Saying "no" increases Republican mojo
Slowly but surely, it seems that the Republicans are getting a little bit of their mojo back.
How? Simply by saying “no”. Because, when it comes to Obama’s agenda, it seems that saying “no” is enough for Republicans to gain more support of the American people.
Some recent polling from Rasmussen tells the tale.
By a long-shot, the economy is the number one issue on people’s minds, and they don’t think Obama and the Democrat’s are doing such a good job dealing with it.
Overwhelmingly, they think the government is spending (and borrowing) way too much money, and the national deficit and debt are looming larger in voter’s minds. Seventy-one percent agree that Obama’s policies have driven up the deficit.
As for Obama’s latest push for bigger government, so-called health care “reform”, it would seem the Democrats aren’t on the same page with voters. Forty-eight percent rate the US healthcare system as “good” or “excellent”, with only nineteen percent rating it as “poor” – hardly a cry for a radical overhaul of the system.
Over half the country now opposes the “reform” plan working its way through Congress…which seems to demonstrate that the harder Obama and Pelosi push for it, the more ground it loses.
Seventy-six percent of voters believe that it’s at least “somewhat likely” that their taxes will be raised if Obama’s healthcare “reform” becomes law, (at least fifty-nine percent are positive about it).
All of which helps explain the latest “generic ballot” poll, (asking voters which party they would support in the next congressional election), which showed Republicans leading Democrats by a margin of 43% to 38%.
In other words, being the “party of no”, as Obama, Pelosi and Harry Reid have put it, hasn’t exactly hurt the GOP.
This isn’t to say that a party should always and only define itself by what it’s against. It shouldn’t, and the GOP doesn’t. But don’t blame the Republicans if Obama has given the American people so much to be against lately.
As the old saying goes, “make hay while the sun’s shinning”. And you don’t have to look any further than your local town-hall meeting to see that Obamacare is providing the warm sunshine needed to make plenty of hay for the GOP. (The bailouts, the stimulus, and government takeovers of private enterprise continue to provide a warm glow as well)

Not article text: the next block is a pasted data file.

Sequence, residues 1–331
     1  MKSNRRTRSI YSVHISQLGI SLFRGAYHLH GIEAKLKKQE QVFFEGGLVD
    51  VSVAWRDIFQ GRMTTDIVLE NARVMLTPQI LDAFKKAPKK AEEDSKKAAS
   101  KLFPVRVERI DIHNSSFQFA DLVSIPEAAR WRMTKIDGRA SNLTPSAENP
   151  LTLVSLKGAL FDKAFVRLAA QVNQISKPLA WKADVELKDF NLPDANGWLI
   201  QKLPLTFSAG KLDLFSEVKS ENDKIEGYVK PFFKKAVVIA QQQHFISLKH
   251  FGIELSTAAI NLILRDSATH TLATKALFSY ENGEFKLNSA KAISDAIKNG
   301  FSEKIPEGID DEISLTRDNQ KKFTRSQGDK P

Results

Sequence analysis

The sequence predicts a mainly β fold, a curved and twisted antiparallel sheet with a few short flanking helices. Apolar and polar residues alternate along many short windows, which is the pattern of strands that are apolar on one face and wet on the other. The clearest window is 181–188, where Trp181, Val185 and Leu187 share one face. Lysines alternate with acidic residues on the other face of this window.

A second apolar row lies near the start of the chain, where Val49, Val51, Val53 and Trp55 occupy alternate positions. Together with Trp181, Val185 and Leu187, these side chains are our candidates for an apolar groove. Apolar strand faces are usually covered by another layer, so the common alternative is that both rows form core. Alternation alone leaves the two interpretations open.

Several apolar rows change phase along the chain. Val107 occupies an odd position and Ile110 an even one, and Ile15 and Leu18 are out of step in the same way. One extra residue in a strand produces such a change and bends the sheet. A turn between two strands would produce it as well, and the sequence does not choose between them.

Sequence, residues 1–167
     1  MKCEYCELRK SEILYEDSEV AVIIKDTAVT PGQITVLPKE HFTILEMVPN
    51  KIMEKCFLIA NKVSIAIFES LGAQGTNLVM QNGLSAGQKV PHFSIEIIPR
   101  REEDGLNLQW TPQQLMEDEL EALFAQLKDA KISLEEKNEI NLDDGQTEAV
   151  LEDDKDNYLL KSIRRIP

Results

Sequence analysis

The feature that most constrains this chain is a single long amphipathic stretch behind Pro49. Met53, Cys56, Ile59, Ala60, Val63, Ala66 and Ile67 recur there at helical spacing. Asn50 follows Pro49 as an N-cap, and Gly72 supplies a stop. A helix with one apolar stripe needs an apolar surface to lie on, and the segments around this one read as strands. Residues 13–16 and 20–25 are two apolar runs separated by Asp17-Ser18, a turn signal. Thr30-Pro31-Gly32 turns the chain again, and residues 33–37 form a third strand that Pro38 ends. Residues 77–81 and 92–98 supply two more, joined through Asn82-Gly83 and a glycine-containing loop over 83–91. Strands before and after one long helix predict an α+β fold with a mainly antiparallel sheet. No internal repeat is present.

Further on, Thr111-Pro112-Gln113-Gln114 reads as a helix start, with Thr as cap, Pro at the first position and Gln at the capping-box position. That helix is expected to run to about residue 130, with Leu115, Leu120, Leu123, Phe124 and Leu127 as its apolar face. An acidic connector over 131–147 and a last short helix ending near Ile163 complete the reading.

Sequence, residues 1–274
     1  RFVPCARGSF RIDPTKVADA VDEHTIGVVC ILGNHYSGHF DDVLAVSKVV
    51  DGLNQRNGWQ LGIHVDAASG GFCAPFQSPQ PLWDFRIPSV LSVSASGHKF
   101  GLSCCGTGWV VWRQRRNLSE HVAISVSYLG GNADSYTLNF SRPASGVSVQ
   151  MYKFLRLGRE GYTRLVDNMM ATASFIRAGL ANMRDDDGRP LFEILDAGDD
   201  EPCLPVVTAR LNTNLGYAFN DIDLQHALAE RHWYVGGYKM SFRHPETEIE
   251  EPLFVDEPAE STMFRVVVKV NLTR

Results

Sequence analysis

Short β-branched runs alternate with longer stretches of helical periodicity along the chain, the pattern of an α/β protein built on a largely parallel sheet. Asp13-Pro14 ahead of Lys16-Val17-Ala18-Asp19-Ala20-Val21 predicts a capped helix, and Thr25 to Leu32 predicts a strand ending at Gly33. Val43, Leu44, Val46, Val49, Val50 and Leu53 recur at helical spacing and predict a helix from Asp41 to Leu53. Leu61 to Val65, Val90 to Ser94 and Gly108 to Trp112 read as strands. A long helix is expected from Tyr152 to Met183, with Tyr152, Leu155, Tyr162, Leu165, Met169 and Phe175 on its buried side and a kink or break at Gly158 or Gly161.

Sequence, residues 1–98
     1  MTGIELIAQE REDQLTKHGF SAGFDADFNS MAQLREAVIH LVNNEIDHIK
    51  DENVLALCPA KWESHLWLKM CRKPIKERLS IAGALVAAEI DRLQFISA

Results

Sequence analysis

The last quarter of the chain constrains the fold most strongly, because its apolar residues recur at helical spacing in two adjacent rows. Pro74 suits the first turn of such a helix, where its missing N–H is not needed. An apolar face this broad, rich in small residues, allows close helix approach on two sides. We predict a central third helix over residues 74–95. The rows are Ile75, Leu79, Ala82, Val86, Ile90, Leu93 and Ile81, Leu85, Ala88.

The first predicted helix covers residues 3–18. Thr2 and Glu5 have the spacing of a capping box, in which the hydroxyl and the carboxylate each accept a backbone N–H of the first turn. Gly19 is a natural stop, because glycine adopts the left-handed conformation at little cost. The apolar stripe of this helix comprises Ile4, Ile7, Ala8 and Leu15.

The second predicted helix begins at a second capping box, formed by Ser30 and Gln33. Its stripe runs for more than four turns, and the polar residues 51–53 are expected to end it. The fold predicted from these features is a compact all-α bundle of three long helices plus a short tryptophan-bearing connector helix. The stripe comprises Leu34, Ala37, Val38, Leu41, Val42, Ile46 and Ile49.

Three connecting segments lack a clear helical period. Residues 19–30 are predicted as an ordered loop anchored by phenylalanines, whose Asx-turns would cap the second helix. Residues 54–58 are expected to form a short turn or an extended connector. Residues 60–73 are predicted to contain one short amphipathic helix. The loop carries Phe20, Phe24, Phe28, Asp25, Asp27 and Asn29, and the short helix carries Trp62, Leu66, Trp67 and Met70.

Simply put, opposition to Obama’s agenda is re-energizing the Republican Party, just as much as opposition to Bush and the Iraq War energized the Democrats, if not more so.
Yet oddly enough, while conservative Republicans seem to be undergoing a bit of a rebirth, at least in terms of enthusiasm, many of them are being set upon by others in the party.
Take Ohio Senator George Voinovich for example, who bemoaned the visibility of conservative southerners in the GOP, followed up by columnist Kathleen Parker, who spent the better part of the last year complaining about the ascendancy of cultural conservatives such as Sarah Palin.
In fact, Parker has written so often and so disparagingly of Palin, that one could almost be forgiven for mixing her up with Maureen Dowd of the New York Times.
Why is it that these people only tend to have problems with conservatives who take their cultural and traditional values seriously, or who think those values have something to do with our country’s greatness?
What makes it worse is the things (and people) these quasi-Republicans seem to hold in such low esteem are exactly what’s conspiring to bring the party back.
For months we were treated to endless stories about “who is the leader of the GOP?”, or “who’s going to lead?”, which quite frankly is far less important than what the party stands for – and against. And what it does to advance that agenda.
Leadership will take care of itself. Right now, the grassroots are the leadership – and they’re leading the party to say “no” to Obamaism. What’s more, they’re bringing their friends and neighbors with them, and that’s how you build a party.
Come 2012 the GOP will need a candidate that can clearly articulate a conservative alternative vision to the American people in contrast to the silver-tongued, teleprompter reliant Obama.
But between now and November 2010, “no” will do just fine.
Cross-posted at DrewMcKissick.com